Buddhist Fellowship of Singapore
Question: Venerable Nirodha, please tell us about your background and what led you to take the Buddhist path?
I was born in Austria in 1945 and arrived in Australia age twenty. I married and divorced, and had no children. I enjoyed lots of travel, a relatively good life, but there slowly arose an increased awareness of no end of wanting and getting.
On a health retreat sometime in the late 1970s, feeling bored, trying to decide whether to play tennis or a card game of bridge, a sudden deep moment of stillness arose, a sense of giving up the endless choices and mental activity. From within that depth a clear question arose in my mind: Do I want to continue with this shallow, easy way of life, or do I want to look for the truth? Without hesitation there came the strong desperate answer and determination that I must look for the truth; even more, I wanted to become the truth.
After snapping out of this experience, life went on but with a subtle shift in direction. I did not return to my childhood strong Christian roots, but remained open. One day in 1979 on a short visit to Sydney, my friend invited me to meet her Buddhist teacher, Anagarika Munindra-Ji, at an open- house gathering. My other plans for the day got canceled, so on a whim, I went. When I was introduced to the teacher, as a greeting he said, “What are you doing?”. For the first time, I understood on a deeper level and thought, yes, I am doing nothing with my life. I answered, “I am doing nothing”.
An hour or two later, when it was announced that in a few days this teacher would give a nine-day meditation retreat in a forest monastery outside of Sydney, I knew I had to go. The retreat would be at Wat Buddha Dhamma, co-led with Venerable Ayya Khema and Venerable Khantipalo. When I told my friend, she was aghast. She cried out, “You know nothing about Buddhism! You can hardly even spell the word ‘Buddha’!” She had studied extensively before starting her path.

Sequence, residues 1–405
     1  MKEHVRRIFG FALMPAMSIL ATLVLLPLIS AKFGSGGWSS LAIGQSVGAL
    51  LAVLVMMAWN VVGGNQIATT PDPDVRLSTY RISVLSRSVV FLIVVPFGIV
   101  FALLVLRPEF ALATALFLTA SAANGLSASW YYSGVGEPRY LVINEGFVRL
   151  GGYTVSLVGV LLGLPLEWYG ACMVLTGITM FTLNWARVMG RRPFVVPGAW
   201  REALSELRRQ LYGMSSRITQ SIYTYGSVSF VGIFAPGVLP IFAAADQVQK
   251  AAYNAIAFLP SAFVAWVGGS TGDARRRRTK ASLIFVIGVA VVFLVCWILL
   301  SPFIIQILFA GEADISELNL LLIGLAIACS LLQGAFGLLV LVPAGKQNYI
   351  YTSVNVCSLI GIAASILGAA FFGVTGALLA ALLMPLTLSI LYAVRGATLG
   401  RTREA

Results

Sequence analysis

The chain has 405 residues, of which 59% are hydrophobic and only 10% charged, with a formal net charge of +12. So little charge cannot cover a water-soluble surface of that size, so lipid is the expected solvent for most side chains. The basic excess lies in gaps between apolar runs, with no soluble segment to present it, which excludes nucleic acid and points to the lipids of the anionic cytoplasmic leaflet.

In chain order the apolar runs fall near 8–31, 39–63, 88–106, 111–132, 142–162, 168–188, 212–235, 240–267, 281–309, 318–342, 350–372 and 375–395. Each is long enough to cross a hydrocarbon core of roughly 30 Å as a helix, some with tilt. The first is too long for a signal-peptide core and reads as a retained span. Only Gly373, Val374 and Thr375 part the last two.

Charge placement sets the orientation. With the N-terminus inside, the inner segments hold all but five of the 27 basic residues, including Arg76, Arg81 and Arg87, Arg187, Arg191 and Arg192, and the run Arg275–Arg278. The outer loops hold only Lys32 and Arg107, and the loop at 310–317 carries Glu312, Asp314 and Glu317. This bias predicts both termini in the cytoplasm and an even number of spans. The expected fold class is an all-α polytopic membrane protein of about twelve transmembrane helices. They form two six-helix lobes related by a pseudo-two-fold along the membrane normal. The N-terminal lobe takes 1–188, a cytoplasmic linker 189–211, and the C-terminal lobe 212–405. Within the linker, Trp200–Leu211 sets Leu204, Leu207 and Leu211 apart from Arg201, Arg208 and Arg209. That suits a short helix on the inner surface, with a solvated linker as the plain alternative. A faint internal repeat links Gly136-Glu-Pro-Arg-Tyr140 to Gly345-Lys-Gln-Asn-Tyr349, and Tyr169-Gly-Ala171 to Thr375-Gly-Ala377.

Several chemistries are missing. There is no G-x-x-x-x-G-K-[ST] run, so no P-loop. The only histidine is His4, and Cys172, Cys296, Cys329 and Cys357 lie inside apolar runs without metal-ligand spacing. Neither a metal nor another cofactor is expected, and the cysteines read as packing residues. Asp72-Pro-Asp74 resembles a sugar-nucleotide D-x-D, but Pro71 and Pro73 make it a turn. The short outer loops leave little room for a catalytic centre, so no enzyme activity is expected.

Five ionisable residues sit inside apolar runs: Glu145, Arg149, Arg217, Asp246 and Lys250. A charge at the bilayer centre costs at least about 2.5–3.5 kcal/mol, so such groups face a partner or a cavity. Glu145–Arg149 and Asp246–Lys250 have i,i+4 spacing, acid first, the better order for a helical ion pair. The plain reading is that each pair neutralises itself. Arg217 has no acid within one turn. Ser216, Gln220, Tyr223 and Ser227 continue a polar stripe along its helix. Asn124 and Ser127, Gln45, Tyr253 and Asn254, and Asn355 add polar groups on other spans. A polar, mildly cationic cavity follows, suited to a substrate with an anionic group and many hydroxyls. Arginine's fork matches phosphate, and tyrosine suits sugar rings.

Yet I went to the retreat, where I followed instructions and felt at home with the Buddha’s teachings. My quest for the truth had brought me to the Dhamma. From then on, I gratefully and happily participated in Buddhist activities as much as possible, first in Australia, then Sri Lanka, USA, Burma, and Thailand, and now back in Australia.
Question: Venerable, please describe your feelings and thoughts when you received ordination as a nun.
The male and female Maha-Sangha turned out in full force, even more than the needed number. Their full support was evident. From my heart I said these words: To end all suffering, to realize Nibbana, please raise me up out of compassion. That is, may they raise me into sangha status. And they did, in Pali, reciting the same phrases that the Buddha used.
An indescribable unique experience happened during my ordination of linking up, as though being received into the pure sangha realm, with all the sangha blessings. From that day on, I gratefully enjoy the complete lifestyle that the Buddha compassionately gave his ordained disciples, which is the greatest support for the mind’s development.